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Prelude: Dog Star Man

Stan Brakhage (American, 1933–2003)


Medium 16mm film; color, silent; 27 min. Measurements No Measurements Credit Gift of the A. W. Mellon Educational and Charitable Trust Accession Number 71.57.1.A Location Not on View


Beginning with his films of the early 1950s and continuing through more than four prolific decades, Stan Brakhage is a monumental figure in American cinema. Dog Star Man, a watershed work in Brakhage's career and in the development of the American avant-garde, grew out of his short earlier films. These were comparable to the Abstract Expressionist painting of the 1950s in their impulse to transmit intensely personal material through gestural abstraction. Dog Star Man continues the style of Brakhage's earlier films but is far longer and more ambitious, evoking mythic themes that have been compared with the epic Romantic poetry of William Blake and others. Dog Star Man was filmed with a hand-held camera and edited from fleeting, overlapping images: Brakhage's children, fires on the hearth, solar explosions, his wife, close-ups of snow melting, the moon, the family pets, winter storms blowing through a forest, the filmmaker himself climbing a mountain. From these images Brakhage has structured an epic work that shifts from microcosm to macrocosm, from night to dawn and midday, from winter to spring and summer, climaxing with what Brakhage has called "a Fall—the fall back to somewhere, mid-winter." In the complexity of its edited structure, and in the cosmic scale of its representation of man's struggle with nature, Dog Star Man established a precedent for aesthetic ambition and thematic scope in American avant-garde filmmaking. It is a major monument in the history of film, not only because of its own accomplishments but also because of the degree to which it sanctioned and inspired a new generation of personal filmmakers.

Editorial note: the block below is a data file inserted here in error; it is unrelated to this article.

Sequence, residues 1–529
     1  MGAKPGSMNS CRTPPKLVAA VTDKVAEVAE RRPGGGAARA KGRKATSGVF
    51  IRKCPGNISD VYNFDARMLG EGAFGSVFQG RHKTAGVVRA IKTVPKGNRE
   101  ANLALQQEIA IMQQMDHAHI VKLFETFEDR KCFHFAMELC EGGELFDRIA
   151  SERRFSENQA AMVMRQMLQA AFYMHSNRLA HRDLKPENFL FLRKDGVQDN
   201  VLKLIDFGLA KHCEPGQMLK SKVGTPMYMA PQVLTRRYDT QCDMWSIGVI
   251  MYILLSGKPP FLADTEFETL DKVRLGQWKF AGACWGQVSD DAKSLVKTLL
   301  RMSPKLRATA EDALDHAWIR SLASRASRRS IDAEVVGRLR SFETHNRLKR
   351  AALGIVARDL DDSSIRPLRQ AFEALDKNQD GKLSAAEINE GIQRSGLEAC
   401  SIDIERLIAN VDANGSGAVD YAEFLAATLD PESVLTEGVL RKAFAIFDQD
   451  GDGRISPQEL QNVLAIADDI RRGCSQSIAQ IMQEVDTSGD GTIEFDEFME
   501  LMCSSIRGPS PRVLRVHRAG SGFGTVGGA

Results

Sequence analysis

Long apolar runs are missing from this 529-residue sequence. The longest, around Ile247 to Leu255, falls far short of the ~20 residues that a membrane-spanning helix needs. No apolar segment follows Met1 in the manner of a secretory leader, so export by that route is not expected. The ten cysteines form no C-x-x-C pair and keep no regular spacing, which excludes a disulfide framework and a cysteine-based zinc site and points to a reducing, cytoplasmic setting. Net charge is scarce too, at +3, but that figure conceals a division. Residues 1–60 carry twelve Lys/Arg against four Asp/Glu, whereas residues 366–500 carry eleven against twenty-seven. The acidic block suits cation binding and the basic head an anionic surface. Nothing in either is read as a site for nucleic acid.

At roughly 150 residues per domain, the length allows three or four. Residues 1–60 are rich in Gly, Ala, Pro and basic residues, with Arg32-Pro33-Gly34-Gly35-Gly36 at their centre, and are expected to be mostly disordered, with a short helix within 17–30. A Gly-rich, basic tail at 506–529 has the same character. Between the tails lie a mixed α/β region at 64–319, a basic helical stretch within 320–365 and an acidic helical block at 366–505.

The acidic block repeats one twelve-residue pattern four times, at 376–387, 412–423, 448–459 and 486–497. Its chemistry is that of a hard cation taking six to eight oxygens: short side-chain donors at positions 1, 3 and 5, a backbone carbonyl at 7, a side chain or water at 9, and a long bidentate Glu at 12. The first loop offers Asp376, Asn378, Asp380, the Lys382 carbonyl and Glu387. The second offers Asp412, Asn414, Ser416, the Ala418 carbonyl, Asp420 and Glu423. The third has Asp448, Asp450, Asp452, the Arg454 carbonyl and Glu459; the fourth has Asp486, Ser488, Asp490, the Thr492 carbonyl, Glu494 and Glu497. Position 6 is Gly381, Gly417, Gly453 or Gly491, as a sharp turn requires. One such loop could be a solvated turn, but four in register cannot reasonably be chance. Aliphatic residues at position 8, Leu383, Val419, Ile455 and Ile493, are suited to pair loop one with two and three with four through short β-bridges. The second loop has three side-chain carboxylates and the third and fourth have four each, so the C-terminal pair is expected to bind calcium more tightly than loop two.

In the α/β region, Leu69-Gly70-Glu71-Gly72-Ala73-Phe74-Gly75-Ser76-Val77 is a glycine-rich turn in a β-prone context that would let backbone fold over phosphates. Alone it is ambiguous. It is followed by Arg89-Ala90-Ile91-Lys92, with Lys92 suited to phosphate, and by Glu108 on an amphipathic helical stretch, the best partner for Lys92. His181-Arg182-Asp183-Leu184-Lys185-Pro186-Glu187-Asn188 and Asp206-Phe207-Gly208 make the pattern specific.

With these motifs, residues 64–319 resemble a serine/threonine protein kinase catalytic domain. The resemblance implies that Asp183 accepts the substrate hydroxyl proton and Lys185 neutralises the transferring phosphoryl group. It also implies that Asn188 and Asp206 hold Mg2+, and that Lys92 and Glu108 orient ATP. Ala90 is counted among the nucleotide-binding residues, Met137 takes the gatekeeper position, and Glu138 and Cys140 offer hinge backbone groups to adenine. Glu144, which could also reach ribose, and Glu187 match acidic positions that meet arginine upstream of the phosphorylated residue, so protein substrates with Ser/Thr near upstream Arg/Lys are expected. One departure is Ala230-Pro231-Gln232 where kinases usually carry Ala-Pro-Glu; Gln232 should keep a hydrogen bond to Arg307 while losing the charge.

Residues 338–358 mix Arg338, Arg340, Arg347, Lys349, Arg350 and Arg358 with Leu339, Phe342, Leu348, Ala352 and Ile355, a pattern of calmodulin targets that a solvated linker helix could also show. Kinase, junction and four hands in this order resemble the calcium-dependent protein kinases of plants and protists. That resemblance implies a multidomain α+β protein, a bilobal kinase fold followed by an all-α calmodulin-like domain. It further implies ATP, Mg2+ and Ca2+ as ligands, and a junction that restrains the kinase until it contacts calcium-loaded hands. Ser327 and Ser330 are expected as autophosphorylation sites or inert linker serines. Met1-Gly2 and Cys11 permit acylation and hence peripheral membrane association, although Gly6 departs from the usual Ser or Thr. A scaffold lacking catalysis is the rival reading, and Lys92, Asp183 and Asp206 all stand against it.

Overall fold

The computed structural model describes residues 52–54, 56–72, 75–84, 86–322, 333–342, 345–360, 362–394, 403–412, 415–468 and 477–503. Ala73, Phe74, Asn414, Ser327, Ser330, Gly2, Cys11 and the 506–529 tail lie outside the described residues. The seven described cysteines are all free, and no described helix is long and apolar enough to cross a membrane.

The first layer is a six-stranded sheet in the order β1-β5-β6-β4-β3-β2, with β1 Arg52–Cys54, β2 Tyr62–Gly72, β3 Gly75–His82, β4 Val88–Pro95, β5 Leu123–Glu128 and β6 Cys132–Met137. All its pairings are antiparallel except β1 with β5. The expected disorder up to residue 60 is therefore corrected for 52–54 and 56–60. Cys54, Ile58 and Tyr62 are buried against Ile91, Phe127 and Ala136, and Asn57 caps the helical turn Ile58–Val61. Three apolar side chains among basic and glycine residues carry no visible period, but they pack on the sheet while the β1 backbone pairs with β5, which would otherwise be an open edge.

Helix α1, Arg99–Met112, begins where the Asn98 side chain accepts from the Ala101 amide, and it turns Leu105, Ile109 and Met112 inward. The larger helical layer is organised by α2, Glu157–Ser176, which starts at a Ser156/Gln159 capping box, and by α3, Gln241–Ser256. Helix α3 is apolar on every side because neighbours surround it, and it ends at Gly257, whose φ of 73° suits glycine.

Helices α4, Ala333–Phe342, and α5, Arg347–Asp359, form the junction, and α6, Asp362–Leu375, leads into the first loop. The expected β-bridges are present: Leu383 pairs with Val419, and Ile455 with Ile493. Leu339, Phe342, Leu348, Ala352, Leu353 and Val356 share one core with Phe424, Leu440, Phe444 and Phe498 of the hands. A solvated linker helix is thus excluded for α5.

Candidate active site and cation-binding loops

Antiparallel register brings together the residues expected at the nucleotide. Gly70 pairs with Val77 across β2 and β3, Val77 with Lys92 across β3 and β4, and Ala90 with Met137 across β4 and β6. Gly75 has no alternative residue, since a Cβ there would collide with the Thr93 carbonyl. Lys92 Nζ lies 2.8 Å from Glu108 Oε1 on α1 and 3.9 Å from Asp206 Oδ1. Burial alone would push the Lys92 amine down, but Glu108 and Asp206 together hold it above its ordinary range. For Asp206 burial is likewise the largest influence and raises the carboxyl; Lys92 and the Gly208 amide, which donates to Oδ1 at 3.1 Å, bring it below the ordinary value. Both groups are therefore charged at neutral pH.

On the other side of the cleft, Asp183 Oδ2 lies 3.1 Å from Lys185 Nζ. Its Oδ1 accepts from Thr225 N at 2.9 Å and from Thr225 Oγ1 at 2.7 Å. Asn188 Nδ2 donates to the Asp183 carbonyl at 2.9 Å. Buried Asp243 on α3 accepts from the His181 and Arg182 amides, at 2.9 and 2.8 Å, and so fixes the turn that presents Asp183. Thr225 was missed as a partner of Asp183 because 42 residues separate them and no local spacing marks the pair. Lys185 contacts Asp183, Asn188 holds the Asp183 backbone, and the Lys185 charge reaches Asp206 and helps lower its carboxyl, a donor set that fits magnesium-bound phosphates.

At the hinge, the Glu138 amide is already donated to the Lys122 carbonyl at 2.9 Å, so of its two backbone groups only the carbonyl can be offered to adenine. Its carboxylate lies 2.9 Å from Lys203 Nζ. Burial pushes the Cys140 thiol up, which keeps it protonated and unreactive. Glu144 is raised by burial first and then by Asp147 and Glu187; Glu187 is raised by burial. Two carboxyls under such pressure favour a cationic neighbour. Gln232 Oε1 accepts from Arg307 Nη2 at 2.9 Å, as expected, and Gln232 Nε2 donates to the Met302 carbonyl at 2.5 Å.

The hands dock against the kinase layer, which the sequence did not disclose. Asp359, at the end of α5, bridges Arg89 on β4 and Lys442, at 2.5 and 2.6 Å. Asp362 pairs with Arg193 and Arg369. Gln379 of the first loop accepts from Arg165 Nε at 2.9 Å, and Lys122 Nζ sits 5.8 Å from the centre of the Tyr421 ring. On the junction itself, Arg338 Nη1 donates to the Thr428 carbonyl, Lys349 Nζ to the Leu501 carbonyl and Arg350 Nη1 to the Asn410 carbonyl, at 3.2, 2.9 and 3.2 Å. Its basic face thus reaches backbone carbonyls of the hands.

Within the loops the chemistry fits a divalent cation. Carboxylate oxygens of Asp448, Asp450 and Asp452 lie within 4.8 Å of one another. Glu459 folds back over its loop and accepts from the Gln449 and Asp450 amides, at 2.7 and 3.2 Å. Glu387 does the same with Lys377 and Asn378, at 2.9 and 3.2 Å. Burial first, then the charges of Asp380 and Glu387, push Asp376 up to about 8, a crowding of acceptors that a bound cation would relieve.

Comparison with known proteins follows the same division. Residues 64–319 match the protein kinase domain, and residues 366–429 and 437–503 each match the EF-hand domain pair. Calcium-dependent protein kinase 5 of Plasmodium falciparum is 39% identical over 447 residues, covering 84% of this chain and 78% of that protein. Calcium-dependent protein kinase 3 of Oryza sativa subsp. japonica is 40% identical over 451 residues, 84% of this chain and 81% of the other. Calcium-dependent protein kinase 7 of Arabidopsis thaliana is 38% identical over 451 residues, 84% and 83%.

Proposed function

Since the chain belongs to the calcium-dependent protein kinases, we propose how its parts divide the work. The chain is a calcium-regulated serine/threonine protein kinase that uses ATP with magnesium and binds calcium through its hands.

Artist Bio

December 16, 1971
Ernie Gehr
272 Degraw Street
Brooklyn, N.Y. 11231
Dear Ernie:
Many thanks for your good letter to me, and such a thorough information sheet. I’m very sorry to be so long in answering you, things have simply piled up here lately. Ernie, we are completely programmed for the rest of thi3 season so will not be able to consider having you here for a screening and lecture until after next September. However, what I mentioned to Michael was that as soon after the l3t of the year as possible we are planning to send out a letter from our newly established film makers workshop offering it as a teaching facility to any film maker who wishes to teach (workshop, seminar or whatever). You will write up course descriptions, fee, dates, etc. We will publicize, then if enough students sign up, you fly into town and teach, if not, nothing is lost - everyone stands to gain. Various members have spare beds and are willing to house those who come, so no expense there either. We see it as a really good thing. You teach what you like (your speciality) they take what they like etc., etc., etc. The workshop includes 2 still labs, 8, super 8 and l6mm editing equipment (a Somembeck horazontal editor), sound mixing stuff, a fandberg and an animation stand.
I haven’t seen "Serene Velocity” yet Ernie, but keep hearing from Hollis, Michael & Stan Brakhage how very beautiful it is - so I’m eagerly looking forward to it.
Have a lovely holiday and do please forgive the delay in hearing from me. Sincerely,
Sally F. Dixon (Mrs.) Film Coordinator